It raises your workpiece to plane thin stock, and bevels too.
Auxiliary planer bed

Thickness planers are wonderful tools; but like most machines, they have their limitations. Many of them will not thickness stock thinner than 14 ", and none of them will plane a bevel. However, outfitted with an auxiliary bed, any planer can perform both of these tasks. We designed our bed to fit a Delta portable planer, but you can change the dimensions, and the shape of the bottom-side cleats, to fit any planer. (The cleats prevent the jig from sliding on the table.)

The 34 " thickness of the auxiliary bed raises the height of the workpiece so that you can plane stock less than 14 " thick. There's no danger of damaging the knives because at the worst they will only cut slightly into the plywood surface.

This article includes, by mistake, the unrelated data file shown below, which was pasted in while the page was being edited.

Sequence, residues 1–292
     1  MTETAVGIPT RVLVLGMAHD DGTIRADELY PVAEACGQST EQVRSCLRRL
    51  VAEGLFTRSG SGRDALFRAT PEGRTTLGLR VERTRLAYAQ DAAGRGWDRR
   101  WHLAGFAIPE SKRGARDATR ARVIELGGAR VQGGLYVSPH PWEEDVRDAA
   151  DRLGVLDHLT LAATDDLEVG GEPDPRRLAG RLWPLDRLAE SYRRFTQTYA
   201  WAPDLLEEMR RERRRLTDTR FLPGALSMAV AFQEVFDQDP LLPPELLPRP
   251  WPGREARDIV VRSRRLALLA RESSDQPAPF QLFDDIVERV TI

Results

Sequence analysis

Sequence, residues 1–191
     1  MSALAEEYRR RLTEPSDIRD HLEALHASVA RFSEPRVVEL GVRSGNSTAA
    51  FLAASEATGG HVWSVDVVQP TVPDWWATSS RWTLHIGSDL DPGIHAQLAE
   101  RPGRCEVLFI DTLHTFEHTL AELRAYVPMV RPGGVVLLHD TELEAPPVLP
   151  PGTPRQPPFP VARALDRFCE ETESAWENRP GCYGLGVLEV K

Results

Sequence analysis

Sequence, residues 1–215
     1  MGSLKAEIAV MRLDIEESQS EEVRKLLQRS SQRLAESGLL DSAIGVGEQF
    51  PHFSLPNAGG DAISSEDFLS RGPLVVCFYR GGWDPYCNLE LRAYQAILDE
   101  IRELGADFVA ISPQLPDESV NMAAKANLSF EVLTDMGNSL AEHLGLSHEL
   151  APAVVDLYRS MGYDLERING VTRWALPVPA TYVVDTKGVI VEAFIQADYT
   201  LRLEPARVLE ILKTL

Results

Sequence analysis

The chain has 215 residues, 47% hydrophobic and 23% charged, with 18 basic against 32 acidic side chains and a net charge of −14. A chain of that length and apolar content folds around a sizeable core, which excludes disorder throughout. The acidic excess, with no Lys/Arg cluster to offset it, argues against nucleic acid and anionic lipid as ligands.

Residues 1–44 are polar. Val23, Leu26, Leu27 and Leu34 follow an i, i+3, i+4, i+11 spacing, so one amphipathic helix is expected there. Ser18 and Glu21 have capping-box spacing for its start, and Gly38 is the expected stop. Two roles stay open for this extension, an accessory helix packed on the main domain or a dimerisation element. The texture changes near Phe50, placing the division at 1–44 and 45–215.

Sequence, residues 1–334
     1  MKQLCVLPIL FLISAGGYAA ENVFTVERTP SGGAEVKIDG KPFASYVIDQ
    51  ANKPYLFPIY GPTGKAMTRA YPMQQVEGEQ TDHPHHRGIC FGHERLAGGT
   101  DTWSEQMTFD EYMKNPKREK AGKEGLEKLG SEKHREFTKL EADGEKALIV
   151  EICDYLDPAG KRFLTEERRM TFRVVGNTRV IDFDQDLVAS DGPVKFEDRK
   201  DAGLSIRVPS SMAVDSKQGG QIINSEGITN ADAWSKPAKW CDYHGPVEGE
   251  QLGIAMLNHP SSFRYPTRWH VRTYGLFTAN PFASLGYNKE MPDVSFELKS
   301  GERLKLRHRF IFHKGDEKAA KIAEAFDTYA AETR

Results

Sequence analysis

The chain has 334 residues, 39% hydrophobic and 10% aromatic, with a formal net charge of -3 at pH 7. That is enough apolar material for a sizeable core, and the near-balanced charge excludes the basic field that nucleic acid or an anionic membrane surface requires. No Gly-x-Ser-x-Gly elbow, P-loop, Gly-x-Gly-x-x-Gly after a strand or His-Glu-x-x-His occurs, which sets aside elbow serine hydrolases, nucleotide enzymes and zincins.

By adding a spacer block under one side of the auxiliary bed, as we did in the photo, above, and the End View drawing, below, you can raise that side so the planer cuts a bevel. You'll find this handy for making such things as siding and thresholds. Note in the photo that we clamped down both sides of the jig. Additionally, we added a fence spacer on the low side of the jig to prevent the planer knives from cutting into the bed before it cuts the full depth of the bevel.

Smooth hardwood plywoods, such as birch or maple, work well for the auxiliary bed. If you use a lesser grade, sand it as smooth as possible and apply paraffin wax to lubricate its surface.

If you like this project, please check out more than 1,000 shop-proven paper and downloadable woodworking project plans in the WOOD Store.